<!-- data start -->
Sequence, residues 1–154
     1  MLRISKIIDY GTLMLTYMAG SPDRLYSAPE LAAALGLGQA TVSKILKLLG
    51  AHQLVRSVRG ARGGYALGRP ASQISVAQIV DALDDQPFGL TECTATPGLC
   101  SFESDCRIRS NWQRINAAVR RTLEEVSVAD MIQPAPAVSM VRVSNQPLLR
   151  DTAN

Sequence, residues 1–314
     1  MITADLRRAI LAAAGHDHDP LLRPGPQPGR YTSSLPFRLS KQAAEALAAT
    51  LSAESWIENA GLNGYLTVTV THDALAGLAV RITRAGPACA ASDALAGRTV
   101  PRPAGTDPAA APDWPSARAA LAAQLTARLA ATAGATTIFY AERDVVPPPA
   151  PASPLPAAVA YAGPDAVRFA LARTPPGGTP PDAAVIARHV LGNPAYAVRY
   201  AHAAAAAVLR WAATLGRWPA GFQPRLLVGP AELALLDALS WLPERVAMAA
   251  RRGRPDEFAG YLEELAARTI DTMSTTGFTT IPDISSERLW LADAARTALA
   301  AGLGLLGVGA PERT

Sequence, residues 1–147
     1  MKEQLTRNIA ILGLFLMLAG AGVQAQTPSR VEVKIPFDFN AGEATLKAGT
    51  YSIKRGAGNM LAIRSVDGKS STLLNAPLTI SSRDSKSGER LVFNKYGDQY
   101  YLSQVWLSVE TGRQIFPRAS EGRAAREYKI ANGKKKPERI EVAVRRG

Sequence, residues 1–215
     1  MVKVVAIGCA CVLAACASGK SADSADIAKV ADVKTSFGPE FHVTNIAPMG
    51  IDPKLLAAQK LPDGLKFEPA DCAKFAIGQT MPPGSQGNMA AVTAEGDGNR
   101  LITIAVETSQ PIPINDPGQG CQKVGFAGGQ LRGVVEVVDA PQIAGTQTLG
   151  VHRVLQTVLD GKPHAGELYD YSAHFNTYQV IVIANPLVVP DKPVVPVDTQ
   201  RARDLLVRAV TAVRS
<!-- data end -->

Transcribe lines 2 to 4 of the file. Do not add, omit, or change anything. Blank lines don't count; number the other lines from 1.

     1  MLRISKIIDY GTLMLTYMAG SPDRLYSAPE LAAALGLGQA TVSKILKLLG
    51  AHQLVRSVRG ARGGYALGRP ASQISVAQIV DALDDQPFGL TECTATPGLC
   101  SFESDCRIRS NWQRINAAVR RTLEEVSVAD MIQPAPAVSM VRVSNQPLLR